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Robert Plant and Band of Joy: Rock Raised to Revelation

Posted in: General,Reviews by Tom Beaudoin on February 2, 2011

On Sunday night at the Beacon Theater in Manhattan, I saw Robert Plant, former Led Zeppelin frontman, leading his new group Band of Joy. After recently being blown away by the worldly rock holiness of Mother’s Finest a few weeks ago, I did not expect to turn right around and see a show that was as stratospheric in its musical maturity, singular creativity, and meditative relentless angelic hostage-taking heartbreaking raids on a beyond beyond all distinction. But this is, at least in my hearing, and judging from the in-show and post-show responses, what Plant and his extraordinary collection of American musicians (including Patty Griffin on backup vocals and the occasional lead) let be accomplished through them on Sunday night.


Plant has spent the last decade of his career showing why the old conversation about whether rock is music primarily for youth is only askable when one has held on too tightly to rock as a fixed star. Plant, now 62 years old, has been too busy chasing down the spiritual possibilities of rock that come from rediscovering classic early forms and letting them speak anew through the spiritual gifts that are his rockish center: that voice (wailing, moaning, yelping), that compositional sensibility (always somewhere between the English countryside, North Africa, and Memphis, Tennessee), and that trust in the music that is his characteristic slow-burning abandon in performance. In other words, his last several albums seem to say: here are the classic sounds of the rock tradition, and here is my legitimate strangeness, and now here comes music.

Recognition of the power of this approach is why the audience consisted of

fans from their 20s through their 60s for Plant and the Band of Joy in a set that showcased songs from their new album as well as some reworked Zeppelin tunes. Plant seems most interested in exploring early rock: gospel, country, mountain music, blues, although there was also no shortage of distortion, volume, and recurring reach for new terrain.

In the opening bars of “Satan, Your Kingdom Must Come Down,” there was Plant in the semi-darkness near Griffin, intoning the words of the title, standing but slightly bent, legs crossed one in front of the other, right shoulder cocking forth and back, eyes closed, mike stand across the front of his body, and in this moment something seemed terribly true about where this music was coming from. Fan reviews online confirm the power of this song live and on the new album.

Which raises the interesting question: what does one make of Plant singing so many songs that reference Jesus? There are quite a few in the set. To me, it felt like being witness to an “interreligious theology,” like the mashup of Buddhism and Christianity, for example, of theologian Paul Knitter’s recent work. There was a new kind of religious possibility coming through. (And not untimely: in a recent article, theologian Paul Crowley identifies a commitment to interreligious theology as a characteristic of a new generation of theology students.) Only here, one had Plant’s rock culture crossing the Christian culture represented in the country-gospel tunes he reinterpreted.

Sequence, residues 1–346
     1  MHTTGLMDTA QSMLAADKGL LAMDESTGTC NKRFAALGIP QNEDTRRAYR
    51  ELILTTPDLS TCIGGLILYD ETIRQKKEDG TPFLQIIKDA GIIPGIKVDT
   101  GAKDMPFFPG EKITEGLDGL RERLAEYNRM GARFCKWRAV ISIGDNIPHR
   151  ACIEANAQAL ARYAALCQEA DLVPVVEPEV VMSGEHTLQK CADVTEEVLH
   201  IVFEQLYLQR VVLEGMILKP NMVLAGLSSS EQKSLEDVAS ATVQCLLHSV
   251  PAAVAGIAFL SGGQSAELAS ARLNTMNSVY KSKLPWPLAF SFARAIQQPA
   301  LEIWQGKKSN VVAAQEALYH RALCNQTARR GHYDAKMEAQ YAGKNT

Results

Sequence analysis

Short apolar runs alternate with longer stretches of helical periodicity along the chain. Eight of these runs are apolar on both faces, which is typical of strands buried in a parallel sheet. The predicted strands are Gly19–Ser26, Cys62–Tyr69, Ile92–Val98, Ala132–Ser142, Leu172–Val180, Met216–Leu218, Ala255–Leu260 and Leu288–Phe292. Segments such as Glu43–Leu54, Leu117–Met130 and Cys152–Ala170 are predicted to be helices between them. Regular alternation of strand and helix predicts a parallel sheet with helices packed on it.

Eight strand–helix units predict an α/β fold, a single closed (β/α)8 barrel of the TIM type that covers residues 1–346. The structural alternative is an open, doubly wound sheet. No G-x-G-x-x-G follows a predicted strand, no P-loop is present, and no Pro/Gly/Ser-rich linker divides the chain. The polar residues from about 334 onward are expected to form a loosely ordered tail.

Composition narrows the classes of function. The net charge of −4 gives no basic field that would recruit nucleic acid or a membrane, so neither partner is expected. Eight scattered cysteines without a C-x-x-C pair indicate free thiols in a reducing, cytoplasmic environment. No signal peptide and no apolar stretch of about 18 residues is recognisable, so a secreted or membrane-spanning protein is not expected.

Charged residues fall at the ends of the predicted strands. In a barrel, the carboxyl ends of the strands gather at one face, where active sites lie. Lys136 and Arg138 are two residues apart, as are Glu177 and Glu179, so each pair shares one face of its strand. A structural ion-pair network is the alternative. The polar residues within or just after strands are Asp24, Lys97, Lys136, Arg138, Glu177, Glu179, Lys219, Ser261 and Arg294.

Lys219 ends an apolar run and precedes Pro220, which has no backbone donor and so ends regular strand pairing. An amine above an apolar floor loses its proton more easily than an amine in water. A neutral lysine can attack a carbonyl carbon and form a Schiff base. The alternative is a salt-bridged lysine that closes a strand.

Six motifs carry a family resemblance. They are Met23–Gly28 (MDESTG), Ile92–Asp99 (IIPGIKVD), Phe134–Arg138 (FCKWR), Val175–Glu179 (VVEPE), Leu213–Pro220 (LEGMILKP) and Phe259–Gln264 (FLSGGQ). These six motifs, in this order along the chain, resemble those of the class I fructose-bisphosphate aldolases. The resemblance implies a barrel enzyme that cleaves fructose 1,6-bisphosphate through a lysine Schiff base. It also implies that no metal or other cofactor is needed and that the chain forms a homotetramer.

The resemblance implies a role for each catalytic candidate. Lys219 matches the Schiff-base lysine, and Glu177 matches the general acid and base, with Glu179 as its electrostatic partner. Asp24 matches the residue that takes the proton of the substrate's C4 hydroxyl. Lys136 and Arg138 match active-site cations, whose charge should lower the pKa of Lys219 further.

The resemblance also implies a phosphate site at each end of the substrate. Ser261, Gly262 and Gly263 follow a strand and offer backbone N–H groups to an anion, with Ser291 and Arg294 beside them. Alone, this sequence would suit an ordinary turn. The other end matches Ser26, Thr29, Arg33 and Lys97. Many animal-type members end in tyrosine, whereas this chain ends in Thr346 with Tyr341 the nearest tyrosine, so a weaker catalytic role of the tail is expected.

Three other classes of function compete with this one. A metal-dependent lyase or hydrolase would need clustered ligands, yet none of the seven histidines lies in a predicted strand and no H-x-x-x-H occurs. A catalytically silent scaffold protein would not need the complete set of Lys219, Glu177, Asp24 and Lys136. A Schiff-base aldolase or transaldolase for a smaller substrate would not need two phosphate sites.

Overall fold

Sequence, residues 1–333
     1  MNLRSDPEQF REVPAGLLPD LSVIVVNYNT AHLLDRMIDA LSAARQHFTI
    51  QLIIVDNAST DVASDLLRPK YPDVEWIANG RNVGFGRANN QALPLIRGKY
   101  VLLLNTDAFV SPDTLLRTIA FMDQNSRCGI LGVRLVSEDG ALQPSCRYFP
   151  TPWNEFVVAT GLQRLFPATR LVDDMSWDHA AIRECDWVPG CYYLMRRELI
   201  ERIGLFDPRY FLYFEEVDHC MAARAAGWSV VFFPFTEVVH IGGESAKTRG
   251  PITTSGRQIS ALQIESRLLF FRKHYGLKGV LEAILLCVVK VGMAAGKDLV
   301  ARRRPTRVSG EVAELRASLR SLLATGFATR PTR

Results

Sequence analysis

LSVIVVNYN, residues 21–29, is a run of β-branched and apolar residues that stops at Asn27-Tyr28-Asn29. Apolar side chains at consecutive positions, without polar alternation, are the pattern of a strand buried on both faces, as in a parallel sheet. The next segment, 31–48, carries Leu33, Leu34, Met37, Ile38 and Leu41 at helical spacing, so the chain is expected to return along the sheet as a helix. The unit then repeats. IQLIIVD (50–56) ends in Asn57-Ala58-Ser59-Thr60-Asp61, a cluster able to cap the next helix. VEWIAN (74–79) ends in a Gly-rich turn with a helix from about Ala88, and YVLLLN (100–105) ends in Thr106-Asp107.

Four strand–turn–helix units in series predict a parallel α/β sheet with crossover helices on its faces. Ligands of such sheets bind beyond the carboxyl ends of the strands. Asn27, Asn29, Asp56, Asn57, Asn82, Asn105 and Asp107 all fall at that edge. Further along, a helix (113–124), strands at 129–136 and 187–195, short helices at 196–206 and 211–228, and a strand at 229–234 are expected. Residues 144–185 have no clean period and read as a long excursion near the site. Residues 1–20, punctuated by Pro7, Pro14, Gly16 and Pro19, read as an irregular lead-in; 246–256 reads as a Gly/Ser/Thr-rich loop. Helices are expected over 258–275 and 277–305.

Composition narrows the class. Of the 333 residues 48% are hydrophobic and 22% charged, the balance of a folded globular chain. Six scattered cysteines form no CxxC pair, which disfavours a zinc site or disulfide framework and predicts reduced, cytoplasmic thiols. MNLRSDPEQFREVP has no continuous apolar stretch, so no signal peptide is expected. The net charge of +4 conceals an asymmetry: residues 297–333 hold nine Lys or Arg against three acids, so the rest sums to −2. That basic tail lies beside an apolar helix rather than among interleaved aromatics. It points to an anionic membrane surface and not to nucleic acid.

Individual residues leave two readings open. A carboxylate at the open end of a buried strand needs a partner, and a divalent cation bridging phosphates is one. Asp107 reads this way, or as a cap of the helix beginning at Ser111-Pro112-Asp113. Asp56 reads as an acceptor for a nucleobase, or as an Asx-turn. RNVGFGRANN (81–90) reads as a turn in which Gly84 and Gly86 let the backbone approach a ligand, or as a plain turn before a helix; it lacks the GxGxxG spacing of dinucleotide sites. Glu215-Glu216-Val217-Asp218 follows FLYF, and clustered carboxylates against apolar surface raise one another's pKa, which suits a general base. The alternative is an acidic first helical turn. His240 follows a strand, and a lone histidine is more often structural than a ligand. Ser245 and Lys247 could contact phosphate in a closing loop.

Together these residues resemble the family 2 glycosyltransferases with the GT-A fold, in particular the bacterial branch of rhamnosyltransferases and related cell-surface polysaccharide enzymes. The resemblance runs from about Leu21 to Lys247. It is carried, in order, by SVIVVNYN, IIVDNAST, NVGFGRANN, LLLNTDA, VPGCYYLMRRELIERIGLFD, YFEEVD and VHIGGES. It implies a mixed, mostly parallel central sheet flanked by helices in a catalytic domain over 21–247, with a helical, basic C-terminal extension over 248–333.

During one of many new versions of Zeppelin tunes, Plant sang the chorus of “Ramble On” by shortening the chorus so that only its imperatives were left, and they sounded to me like nothing so much as commandments, or better, spiritual exercises from and for the divinity drawn down in the music. The chorus became:

“Ramble on

Sing my song

On my way

Ramble on”

Walking around after the show, I thought: look at the strange and new erotic animal Plant has become. He seems to have managed to refuse any number of predictable identifications that trap both rockish and theologically-minded people of an even younger age. I marvel at that to which this man has said yes. As he said at the beginning of the show, “Welcome to another evening on the edge of not knowing.”

Music critic Jon Pareles has a remarkably strong review of the show in the New York Times. He writes that Plant plays “as if twanging and stomping were the route to revelation. The concert had nothing to do with period style and everything to do with spirit.” And: “When Led Zeppelin was in full cry, it hinted at realms of ecstasy and madness just past the edge of the music. Band of Joy, with very different musical foundations, can do the same thing.”

Tom Beaudoin

Ardsley, New York

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